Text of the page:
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Q&A: Trends in College Students Mental Health

Dr. Janet Osimo

Dr. Osimo — who specializes in suicide prevention, non-traditional students, the LGBTQ community, and the effect of interventions on brain change — will discuss mental health issues experienced by undergraduate and graduate college students, how to recognize signs, how to help someone seek help and the growing concern of suicide among students.

The following Q&A with Dr. Osimo touches on some of the topics that pertain to her presentation.

Q: What are the most common mental health problems you see on campus?

A: What we’re seeing is — first of all — a lot more students than before. Our numbers of students coming through the door have doubled since 2004.

Some of the most common things we see them for now are anxiety and depression. In the past it’s been roommate issues or adjusting to college, and while those issues are still there, we’re seeing significant increases in anxiety and depression.

Q: Why do you think that is?

A: There are a number of reasons for this. These are students with a lot more pressure in terms of what it takes to get into college and to stay in college. There’s a lot of pressure on students’ performance.

This is also a generation that has been very structured and has had a lot of parent involvement, and when students go off to college, there’s of course a marked drop off in that involvement.

So students are faced with navigating on their own and making decisions on their own, which they haven’t had to do for most of their lives. When all these things come together, it becomes a press cooker.

Q: Does mental illness go away if left untreated?

A: With any sort of mental health issue, whether it’s a mental illness or more common anxiety, it ebbs and flows depending on what stressors are happening.

The research shows that if you have more a complicated mental illness that is left untreated, it gets worse and stays around longer. Research also shows that early intervention can have a significant impact and can help prevent problems from worsening.

Q: Can a good diet, proper exercise and sleep reduce the symptoms of mental illness?

A: What the research is showing is that sleep is as important — if not more important — than exercise and diet. One of the first things people can do just to alleviate depression is to get better rest. Of course, this could be more difficult in some cases, but it is incredibly important.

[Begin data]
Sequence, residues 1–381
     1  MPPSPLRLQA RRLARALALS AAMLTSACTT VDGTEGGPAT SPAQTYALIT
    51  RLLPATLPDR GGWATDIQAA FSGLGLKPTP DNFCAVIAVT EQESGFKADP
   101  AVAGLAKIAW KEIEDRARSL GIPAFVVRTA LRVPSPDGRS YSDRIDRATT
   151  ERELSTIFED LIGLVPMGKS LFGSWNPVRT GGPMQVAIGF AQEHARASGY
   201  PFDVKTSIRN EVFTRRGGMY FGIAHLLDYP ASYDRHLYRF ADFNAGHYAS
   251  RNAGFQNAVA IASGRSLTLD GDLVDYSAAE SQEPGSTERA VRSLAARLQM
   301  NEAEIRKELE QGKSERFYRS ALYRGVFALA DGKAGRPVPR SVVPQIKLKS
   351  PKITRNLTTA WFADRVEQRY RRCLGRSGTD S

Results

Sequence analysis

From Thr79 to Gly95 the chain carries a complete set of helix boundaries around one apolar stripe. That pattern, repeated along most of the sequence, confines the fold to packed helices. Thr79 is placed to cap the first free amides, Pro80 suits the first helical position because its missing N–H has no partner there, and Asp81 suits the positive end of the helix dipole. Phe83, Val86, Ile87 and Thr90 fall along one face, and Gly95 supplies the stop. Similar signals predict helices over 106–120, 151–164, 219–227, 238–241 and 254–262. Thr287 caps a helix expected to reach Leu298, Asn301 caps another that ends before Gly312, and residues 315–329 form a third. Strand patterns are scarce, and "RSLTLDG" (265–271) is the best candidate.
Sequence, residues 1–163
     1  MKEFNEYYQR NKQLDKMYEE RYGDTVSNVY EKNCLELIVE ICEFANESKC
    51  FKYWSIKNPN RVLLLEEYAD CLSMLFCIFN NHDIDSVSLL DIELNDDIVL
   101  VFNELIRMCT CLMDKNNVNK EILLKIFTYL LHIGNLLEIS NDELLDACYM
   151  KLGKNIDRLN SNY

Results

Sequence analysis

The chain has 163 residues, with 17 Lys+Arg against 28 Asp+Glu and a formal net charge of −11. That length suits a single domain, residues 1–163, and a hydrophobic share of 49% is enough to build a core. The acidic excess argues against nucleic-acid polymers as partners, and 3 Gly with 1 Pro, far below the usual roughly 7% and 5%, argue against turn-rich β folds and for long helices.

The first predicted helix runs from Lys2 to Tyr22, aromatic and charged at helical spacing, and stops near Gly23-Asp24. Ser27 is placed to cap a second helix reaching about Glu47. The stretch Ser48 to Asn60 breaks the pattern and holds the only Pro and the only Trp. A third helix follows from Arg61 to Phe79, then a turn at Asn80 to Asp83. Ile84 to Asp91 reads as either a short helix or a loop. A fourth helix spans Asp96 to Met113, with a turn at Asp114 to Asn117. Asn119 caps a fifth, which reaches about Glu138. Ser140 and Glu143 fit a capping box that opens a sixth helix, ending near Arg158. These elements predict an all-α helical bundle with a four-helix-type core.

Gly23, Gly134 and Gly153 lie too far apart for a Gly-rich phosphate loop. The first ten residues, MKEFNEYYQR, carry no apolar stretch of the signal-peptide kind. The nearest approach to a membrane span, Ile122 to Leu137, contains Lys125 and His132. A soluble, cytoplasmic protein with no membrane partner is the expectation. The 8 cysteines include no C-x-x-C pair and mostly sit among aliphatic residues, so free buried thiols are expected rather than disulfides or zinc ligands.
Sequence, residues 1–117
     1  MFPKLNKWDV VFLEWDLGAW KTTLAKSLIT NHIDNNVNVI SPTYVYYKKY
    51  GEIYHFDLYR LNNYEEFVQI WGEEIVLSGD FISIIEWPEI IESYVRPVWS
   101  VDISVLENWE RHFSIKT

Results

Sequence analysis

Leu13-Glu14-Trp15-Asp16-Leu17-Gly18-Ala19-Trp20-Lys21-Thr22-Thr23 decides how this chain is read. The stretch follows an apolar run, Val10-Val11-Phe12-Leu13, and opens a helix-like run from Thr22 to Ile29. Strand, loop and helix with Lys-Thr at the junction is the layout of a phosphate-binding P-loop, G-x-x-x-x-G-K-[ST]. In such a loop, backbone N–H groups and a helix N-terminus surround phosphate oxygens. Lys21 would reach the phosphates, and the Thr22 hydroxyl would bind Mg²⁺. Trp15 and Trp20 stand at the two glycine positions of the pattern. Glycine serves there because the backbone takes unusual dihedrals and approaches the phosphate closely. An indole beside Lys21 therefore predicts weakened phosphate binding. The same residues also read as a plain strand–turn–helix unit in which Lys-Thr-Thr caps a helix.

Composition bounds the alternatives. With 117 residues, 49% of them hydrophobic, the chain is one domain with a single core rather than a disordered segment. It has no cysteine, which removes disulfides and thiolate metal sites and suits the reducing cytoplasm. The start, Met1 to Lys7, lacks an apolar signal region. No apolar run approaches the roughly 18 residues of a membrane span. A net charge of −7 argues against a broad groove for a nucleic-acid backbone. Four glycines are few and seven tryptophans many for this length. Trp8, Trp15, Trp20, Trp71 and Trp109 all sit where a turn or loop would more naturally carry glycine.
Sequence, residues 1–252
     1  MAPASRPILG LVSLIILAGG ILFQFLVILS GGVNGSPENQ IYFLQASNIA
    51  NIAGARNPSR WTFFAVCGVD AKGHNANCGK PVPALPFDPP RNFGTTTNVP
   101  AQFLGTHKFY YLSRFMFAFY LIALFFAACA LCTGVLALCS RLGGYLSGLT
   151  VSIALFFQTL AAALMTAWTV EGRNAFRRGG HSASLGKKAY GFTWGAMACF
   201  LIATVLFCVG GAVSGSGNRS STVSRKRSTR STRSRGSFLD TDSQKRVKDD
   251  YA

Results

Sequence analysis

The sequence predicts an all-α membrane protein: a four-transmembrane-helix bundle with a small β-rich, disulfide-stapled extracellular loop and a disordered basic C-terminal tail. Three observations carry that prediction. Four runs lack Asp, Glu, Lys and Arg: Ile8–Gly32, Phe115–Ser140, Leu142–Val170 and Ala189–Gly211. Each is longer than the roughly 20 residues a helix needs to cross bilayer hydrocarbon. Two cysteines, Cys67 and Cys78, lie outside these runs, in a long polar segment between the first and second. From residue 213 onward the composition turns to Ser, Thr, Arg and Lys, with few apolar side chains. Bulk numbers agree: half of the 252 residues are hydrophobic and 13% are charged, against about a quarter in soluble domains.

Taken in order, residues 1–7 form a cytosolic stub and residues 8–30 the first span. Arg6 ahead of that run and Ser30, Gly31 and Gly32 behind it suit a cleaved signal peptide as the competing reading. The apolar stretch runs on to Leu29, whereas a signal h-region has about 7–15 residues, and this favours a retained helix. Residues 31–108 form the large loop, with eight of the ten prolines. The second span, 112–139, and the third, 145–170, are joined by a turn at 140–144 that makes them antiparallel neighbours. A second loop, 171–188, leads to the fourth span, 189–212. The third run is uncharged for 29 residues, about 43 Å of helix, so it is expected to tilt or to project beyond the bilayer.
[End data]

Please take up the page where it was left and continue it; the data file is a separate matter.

Exercise is important as well because it can boost your metabolism and brain chemistry, which influences your mental health. Nutrition is also incredibly important, especially as we find out more about sugar and how our moods can plummet depending on what we’re eating.

And it’s not just food; alcohol and all those things can contribute to our mood and exacerbate depression that is already occurring.

Q: How do I help my friend or family member who I am concerned may be depressed?

A: This is a big thing we talk a lot about. Talking to people is key, and if you notice that there’s been a big change in their behavior, say something. Talk to them about what you’ve noticed and what the behavior change has been.

Are they withdrawing more? Not going to class? Sleeping a lot? People remember how you make them feel, so if can simply show care and compassion, that can go a long way.

Many times people are relieved that someone has noticed, so just bringing it up can be very therapeutic for the individual. Also be prepared to offer resources and to be involved, whether it’s a phone call or going with them to an appointment. It’s important to show them that they’re not alone and that you care.

Q: Does drinking or smoking marijuana make a person at higher risk for developing mental illness?

A: If someone is predisposed to depression, certain alcohol and substances are not going to help that. As we know, alcohol is a depressant and will exacerbate any prepotency individuals have toward depression.

Marijuana can also exacerbate psychotic symptoms for families who are predisposed to schizophrenia or bipolar disorder. For my students that have a predisposition in the family, I try to stress deterring them from smoking.

And for people who have been diagnosed and taking medication, alcohol dilutes the impact of antidepressants and takes away from the effectiveness.

Q: Why is it important to educate the community about mental illness?

A: Recognizing the signs of depression and other mental illnesses, helping someone seek help or knowing how to bring it up, these things are so important. I’d also like to mention the concern of suicide as the second leading cause of death among college students.

Everything we can do to educate the college community to recognize the signs and intervene, speak up and say something to an individual is so critical. We have to realize that people with suicidal thoughts are really good at hiding it.

Also, a lot of folks think of depression as being rolled up in corner and crying, and it doesn’t always look like that — it can be very functional, with a smile on the face — when deep inside the person is suffering.

Whether we talk about it directly or discuss it among our friends, we as a society have to approach it with a more open mind that will help people who are suffering with mental illness come out of the shadows.

Dr. Janet Osimo, a psychologist in the Counseling and Psychological Services Center at UCSB, will be the featured speaker for this month’s NAMI (National Alliance on Mental Illness) meeting at 7 pm, Oct. 22 at the Mental Wellness Center, 617 Garden Street.

Her presentation, titled “Trends in College Student Mental Health,” is free and open to the public.


For more information, contact Gracie Huerta at 805.884.8440 x3206 or

November 2, 2015

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